SEPA kicks the sea lice ball even further into the long grass
In late August, SEPA published its response to the many representations it received during its Wild Fish and Sea Lice Consultation.
This consultation was conducted by the regulator earlier in the year, following Scottish Government’s decision to make SEPA responsible for managing interactions (notably sea lice) between salmon farms and wild fish.
We have long known what is urgently required to give some protection now to wild salmon and sea trout in the west Highlands and Islands. The priority must be to tackle immediately the negative impact of existing salmon farms.
There is no way to dress this up. SEPA’s plans are woefully inadequate.
It could be that the regulator is just shirking its responsibility to protect wild salmon and sea trout populations. Or perhaps this is just another example of central Scottish Government making sure SEPA cannot upset its vision for the expansion of fish farming, whatever the environmental cost.
This is the key section from SEPA’s plans:
“III. To protect wild salmon populations from deteriorating, in Wild Salmon Protection Zones (WSPZs) where sea lice concentrations are modelled as high, we will apply permit conditions to existing farms to prevent concentrations in the WSPZs from rising further.
IV. Collect evidence of impacts on wild salmonid populations in those WSPZs in which modelling has identified wild salmon as being at high risk.
V. Adjust permit conditions for existing farms to ensure sea lice losses are reduced in those circumstances where we have collected suitable evidence of impacts on wild salmonid populations”.
So, what does it mean?
Under section III, existing farms can carry on with business as usual, even if they are damaging wild salmon now. They will just be prevented from increasing the level of damage.
There is no timeline for the collection of “suitable” data under section IV.
Further, there has to be impact on “populations” (according to whose definition?) before action occurs under section V.
Only once there is damage to “populations”, will adjustments occur under section V. Astonishingly, there is no timeline for the adjusting of permits for existing farms under section V.
In other words, this demonstrates classic “kick the ball even further into the long grass” tactics.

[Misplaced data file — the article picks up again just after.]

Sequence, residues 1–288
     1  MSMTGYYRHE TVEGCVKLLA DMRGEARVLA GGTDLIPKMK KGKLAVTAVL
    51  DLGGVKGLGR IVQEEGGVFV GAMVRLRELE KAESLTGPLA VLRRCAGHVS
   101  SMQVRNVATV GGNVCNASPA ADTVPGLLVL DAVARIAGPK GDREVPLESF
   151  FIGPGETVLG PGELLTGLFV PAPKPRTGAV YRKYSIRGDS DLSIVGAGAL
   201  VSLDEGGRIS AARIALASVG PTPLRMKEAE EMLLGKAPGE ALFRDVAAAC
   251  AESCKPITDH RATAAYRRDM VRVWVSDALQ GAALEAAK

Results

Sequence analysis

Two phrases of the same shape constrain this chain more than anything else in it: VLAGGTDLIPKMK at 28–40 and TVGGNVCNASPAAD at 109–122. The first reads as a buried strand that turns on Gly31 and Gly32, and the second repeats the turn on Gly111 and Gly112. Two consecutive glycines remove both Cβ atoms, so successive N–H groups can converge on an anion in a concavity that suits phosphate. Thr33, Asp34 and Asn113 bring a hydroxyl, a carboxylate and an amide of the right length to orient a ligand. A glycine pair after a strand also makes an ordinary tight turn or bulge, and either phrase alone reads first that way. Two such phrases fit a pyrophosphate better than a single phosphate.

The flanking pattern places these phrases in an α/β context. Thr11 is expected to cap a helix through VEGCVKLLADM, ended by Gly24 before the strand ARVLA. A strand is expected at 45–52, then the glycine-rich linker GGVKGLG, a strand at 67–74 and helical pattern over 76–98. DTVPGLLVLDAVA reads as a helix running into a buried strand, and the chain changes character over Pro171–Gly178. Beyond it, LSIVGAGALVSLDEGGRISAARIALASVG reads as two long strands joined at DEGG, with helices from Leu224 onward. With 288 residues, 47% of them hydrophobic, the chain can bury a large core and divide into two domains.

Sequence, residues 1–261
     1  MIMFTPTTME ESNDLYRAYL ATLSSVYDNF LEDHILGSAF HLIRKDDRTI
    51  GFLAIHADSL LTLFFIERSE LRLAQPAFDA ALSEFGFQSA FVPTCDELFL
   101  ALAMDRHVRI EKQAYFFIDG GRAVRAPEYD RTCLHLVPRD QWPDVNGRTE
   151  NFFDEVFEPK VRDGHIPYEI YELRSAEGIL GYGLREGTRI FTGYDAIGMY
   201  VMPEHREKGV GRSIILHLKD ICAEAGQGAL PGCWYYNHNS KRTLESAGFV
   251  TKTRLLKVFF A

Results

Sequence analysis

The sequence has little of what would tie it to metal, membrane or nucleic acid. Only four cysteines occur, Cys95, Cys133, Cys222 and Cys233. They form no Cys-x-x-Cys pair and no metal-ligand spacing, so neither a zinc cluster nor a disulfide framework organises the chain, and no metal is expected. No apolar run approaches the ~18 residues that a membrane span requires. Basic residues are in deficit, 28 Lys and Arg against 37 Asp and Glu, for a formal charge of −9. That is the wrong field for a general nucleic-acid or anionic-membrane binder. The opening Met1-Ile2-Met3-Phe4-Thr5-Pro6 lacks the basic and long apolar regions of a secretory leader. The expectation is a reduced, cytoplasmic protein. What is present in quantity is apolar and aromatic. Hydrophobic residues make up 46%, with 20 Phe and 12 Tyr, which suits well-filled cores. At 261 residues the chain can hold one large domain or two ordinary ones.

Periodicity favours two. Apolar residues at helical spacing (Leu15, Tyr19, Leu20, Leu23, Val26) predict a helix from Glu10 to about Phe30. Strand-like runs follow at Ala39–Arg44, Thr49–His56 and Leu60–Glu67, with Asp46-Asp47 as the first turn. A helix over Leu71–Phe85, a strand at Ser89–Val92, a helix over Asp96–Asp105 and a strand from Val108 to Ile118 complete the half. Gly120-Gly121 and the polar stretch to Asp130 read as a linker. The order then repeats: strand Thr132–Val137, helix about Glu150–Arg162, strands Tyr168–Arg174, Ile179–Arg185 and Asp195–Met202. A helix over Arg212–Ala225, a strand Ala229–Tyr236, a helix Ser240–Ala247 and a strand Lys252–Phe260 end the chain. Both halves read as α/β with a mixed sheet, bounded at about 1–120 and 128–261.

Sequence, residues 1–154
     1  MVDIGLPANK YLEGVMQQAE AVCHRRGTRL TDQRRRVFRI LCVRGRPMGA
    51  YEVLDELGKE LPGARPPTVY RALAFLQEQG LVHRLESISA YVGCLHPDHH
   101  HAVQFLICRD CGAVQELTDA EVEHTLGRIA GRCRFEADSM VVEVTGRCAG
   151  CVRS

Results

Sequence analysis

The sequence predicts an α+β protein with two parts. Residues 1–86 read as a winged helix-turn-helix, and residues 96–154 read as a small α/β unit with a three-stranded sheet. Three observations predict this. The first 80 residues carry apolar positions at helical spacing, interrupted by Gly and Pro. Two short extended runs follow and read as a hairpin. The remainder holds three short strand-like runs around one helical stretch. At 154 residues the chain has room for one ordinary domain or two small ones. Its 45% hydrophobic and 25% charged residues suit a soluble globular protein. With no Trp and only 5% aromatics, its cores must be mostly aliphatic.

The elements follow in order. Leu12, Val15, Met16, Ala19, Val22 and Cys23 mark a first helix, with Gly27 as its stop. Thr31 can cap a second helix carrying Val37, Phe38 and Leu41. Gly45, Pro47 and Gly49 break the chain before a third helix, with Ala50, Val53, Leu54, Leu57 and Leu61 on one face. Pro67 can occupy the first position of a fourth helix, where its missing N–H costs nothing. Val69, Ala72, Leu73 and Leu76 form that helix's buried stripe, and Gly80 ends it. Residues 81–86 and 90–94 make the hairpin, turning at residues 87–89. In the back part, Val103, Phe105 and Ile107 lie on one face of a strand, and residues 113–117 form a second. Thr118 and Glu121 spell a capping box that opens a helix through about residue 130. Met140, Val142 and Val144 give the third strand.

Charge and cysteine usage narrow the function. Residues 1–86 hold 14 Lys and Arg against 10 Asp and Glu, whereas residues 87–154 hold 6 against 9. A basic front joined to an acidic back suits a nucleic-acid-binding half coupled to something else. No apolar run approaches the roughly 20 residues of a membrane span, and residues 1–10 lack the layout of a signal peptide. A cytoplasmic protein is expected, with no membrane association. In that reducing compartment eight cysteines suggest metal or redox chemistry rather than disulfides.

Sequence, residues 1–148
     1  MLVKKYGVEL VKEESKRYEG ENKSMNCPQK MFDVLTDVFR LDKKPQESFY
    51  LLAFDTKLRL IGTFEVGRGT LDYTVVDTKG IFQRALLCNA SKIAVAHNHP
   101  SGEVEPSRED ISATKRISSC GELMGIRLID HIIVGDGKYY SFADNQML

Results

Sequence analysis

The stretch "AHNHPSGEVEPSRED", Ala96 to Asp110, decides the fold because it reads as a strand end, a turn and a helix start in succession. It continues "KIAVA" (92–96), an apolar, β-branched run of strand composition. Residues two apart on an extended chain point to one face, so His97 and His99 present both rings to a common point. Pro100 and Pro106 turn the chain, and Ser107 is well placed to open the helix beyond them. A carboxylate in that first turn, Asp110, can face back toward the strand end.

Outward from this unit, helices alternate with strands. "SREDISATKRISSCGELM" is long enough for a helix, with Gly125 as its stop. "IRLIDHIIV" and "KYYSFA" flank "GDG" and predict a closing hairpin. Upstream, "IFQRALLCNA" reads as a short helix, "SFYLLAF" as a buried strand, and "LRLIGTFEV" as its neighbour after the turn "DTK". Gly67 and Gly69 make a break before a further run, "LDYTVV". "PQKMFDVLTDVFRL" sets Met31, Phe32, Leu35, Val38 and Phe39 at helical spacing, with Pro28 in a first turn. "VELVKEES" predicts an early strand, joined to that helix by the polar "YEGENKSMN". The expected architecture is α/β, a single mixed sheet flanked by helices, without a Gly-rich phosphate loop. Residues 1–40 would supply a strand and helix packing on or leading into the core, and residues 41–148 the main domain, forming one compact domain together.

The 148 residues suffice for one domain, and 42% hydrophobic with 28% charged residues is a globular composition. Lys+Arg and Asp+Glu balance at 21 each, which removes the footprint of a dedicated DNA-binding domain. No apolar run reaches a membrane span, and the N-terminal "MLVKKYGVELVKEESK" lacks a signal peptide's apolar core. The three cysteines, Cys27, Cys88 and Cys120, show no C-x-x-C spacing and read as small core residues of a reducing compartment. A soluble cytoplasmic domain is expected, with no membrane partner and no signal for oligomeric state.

The new system will only apply to new and expanding farms
Most alarmingly, SEPA has made it very clear that this system will only apply at first to plans for new and expanding farms and not to existing farms. Existing farms are being let off the hook until an undetermined future date.
But isn’t this the same SEPA that has, on countless occasions, trumpeted that it practises risk-based regulation?
So, while existing salmon farms are causing the damage now, they are to be de-prioritised by SEPA.
No-one should under-estimate the influence of the Scottish Government on SEPA.
Cabinet Secretary Mairi Gougeon, responsible for salmon farming as well as wild fish (which is as a clear a conflict of interest as you can find), welcomed SEPA’s plans, claiming that “the measures set out in this consultation will help ensure the protection and recovery of Scotland’s wild Atlantic salmon”.
These measures will do nothing of the sort. Her platitude is risible nonsense.
To re-iterate, SEPA’s proposals will not address the damage being done now to wild salmon and sea trout by existing farms.
The Cabinet Secretary’s statement is empty spin and yet more evidence – if that were needed – that Scottish Government is not in any way determined to “ensure” that wild salmon are given the opportunity to recover. Salmon farming and its relentless expansion is the Scottish Government’s priority – whatever the environmental costs.
Meanwhile, wild fish populations continue to decline
SEPA’s sea lice framework (and its proposed adaptive management regime) was triggered by the outcome in May 2020 of the Salmon Interactions Working Group (SIWG), in which some of those purporting to represent wild fish interests, under pressure from the Scottish Government and the fish-farmers themselves, accepted the weakest possible proposals to protect wild fish.
The main impact of the ineffective adaptive management regime being implemented now by SEPA will be the continued decline of west Highland and Island wild fish populations.